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How to identify signs of skin cancer

Written by: Dr Raj Mallipeddi
Edited by: Emily Lawrenson

Skin cancer is the most common type of cancer found worldwide, with an estimated 42 cases diagnosed every day in the UK alone. Dr Raj Mallipeddi, expert dermatologist and clinical lead for skin cancer at Guy's & Thomas' Hospital, London, explains the risks we should be aware of, and the changes in our skin we should be looking out for. 

The main types of skin cancer include melanoma, the deadliest type, and non-melanoma which accounts for about 100,000 cases of the disease each year.

How common is skin cancer in the UK?

Skin cancer rates in the United Kingdom are increasing, with more people dying from the disease here than in Australia. There are an estimated 12,000 cases of melanoma each year, and around 2,000 deaths. It has become the most common form of skin cancer among people in the age bracket of 15 to 34.

Knowing what to watch out for can greatly increase one’s chances of survival if it so happens that they develop skin cancer. For this reason, even if you do all you can to stay safe in the sun, it’s important to be on the lookout for the early signs of skin cancer. It is worth bearing in mind that around 80% of all cases of skin cancer are caused by over-exposure to dangerous UV radiation from the sun or sunbeds.

As fair-skinned people are much more susceptible to sun damage and therefore skin cancer, it is imperative they know what to look out for, especially if they have been spending a lot of time on sunbeds or in the sun.

The ABCDE skin cancer guide

It is important to watch out for changes in moles or for the formation of new moles. The earlier skin cancer is detected, the higher the likelihood of cure. The ABCDE guide is helpful, easy to remember, and stands for:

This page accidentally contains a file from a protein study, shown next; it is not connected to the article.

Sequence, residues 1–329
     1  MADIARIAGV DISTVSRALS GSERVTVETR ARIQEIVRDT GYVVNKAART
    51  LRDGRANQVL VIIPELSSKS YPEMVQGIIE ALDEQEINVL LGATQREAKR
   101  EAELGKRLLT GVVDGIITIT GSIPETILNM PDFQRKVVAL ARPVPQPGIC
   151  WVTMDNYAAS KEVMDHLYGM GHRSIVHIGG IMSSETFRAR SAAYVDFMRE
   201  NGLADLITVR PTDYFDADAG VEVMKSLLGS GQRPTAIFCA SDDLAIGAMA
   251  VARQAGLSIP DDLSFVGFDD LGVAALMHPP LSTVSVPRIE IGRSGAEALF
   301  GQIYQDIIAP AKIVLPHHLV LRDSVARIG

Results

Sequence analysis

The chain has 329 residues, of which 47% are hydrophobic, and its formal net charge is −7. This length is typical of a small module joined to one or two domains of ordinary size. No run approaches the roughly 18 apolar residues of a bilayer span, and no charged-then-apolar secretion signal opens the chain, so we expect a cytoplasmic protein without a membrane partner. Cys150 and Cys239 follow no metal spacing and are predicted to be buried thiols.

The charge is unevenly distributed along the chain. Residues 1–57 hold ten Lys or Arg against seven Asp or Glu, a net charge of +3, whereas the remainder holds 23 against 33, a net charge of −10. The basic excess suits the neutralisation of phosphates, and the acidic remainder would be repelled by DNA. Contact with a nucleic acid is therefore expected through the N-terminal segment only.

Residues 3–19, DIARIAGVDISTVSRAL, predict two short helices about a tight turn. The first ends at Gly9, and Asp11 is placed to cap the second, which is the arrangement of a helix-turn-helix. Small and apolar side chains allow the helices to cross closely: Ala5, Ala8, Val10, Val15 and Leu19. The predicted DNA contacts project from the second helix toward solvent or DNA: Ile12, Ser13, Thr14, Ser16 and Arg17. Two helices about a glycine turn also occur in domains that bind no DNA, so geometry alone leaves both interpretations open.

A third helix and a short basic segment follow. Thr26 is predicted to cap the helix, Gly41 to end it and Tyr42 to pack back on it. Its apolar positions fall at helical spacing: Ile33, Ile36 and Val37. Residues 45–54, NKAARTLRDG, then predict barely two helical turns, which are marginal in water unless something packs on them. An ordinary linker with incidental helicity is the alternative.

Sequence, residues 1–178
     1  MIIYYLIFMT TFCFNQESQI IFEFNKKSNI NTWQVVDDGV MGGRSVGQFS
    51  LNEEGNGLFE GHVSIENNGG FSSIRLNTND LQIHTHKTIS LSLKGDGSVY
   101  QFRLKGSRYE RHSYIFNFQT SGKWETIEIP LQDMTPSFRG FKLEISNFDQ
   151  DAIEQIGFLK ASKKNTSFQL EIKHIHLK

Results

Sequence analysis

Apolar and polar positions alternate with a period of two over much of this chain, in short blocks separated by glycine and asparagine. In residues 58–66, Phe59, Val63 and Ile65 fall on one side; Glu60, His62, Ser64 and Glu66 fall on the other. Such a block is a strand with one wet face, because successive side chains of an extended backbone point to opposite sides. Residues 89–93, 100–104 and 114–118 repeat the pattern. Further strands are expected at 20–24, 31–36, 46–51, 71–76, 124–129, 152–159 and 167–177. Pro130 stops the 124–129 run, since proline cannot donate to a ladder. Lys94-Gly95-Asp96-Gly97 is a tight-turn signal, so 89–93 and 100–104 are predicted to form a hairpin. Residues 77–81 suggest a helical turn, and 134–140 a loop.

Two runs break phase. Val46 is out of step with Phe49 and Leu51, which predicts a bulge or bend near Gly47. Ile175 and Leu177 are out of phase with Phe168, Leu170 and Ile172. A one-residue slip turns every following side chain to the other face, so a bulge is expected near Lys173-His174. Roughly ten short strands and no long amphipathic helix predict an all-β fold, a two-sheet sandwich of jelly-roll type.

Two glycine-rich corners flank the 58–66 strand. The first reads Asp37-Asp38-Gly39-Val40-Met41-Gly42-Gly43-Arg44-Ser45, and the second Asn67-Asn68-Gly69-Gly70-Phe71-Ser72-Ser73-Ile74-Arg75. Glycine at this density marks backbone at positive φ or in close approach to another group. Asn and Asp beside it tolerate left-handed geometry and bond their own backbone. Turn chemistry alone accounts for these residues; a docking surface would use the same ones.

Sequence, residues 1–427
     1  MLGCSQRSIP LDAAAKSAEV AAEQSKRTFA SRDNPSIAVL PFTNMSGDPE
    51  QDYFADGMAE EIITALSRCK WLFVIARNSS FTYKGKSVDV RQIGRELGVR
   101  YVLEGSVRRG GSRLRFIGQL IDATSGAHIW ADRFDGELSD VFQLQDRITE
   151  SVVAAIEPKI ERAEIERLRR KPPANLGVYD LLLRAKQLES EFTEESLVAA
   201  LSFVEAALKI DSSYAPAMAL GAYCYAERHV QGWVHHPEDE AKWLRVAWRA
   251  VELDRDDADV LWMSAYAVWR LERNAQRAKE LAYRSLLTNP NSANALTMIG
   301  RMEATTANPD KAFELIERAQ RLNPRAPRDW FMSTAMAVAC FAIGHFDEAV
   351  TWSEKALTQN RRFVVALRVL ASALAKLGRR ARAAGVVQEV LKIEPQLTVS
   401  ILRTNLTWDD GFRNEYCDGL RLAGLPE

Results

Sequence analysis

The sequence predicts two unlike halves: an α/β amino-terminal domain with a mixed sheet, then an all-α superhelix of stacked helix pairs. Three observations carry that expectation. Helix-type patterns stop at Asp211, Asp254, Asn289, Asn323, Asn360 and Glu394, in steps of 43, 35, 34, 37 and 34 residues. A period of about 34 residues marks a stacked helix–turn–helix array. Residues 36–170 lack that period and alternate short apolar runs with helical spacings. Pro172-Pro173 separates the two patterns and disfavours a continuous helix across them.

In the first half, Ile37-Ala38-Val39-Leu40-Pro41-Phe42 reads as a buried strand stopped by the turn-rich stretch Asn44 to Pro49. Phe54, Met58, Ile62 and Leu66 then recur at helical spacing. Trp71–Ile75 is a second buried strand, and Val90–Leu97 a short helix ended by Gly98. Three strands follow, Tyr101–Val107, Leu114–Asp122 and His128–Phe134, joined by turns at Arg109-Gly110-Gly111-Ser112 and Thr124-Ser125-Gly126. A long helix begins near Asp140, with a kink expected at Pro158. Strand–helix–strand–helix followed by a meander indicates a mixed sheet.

Asymmetry - if the mole is not symmetrical it’s best to get it checked out.

Border becoming irregular - benign moles have smooth borders. The borders of early melanoma are usually uneven.

Colour changes - especially uneven and abnormal colour. Most benign moles are just one colour.

Diameter greater than 6mm - benign moles are usually smaller.

Enlargement or elevation - a general sign of melanoma is if a mole changes size over time.

Other signs of skin cancer to keep an eye out for

Melanoma tends to appear as a new lesion more often than developing from a pre-existing mole. A new mole or one which is different to the rest of the surrounding moles should be scrutinised more carefully. Moles which become itchy or bleed may also need to be examined. It is also important to be aware that most skin cancers do not appear as ‘moles’. Basal cell carcinoma often appears as a pearly pink or red spot, a red scaly patch or an ulcer. Squamous cell carcinoma appears as a scaly or crusty area of skin or a lump with a red, inflamed base. They may feel sensitive to touch and bleed when rubbed. As we get older we develop scaly, rough patches predominantly in areas exposed to the sun. These are known as actinic keratoses and they become more common with advancing age, especially in fair-skinned people. These occasionally develop into squamous cell carcinoma and so can also be considered to be pre-cancerous.

Fortunately, most skin lesions are harmless and we are more likely to develop benign lesions as we grow older. However, it is difficult for an untrained eye to tell the difference, so if you are concerned about skin cancer it is best to seek your GP’s opinion and if necessary refer to a dermatologist.

As always, it’s better to be safe than sorry. If in doubt get it checked out!

By Dr Raj Mallipeddi

Dr Raj Mallipeddi is a leading London dermatologist, dedicated to the latest treatments in skin cancer, Mohs micrographic surgery, mole removal, laser surgery and cosmetic dermatology. He is Consultant Dermatologist and Dermatological Surgeon at St John's, the Clinical Lead for skin cancer at St John's Institute of Dermatology, as well as Lead Clinician at the Laser Unit at St John's. 

He lectures nationally and internationally, is widely published, and a pioneer in his field for being one of the only UK doctors who has completed advanced training in Mohs micrographic surgery as certified by the American College of Mohs Surgery. He serves on numerous boards including chair of the UK Mohs micrographic service standards committee and is past President of the British Society for Dermatological Surgery.

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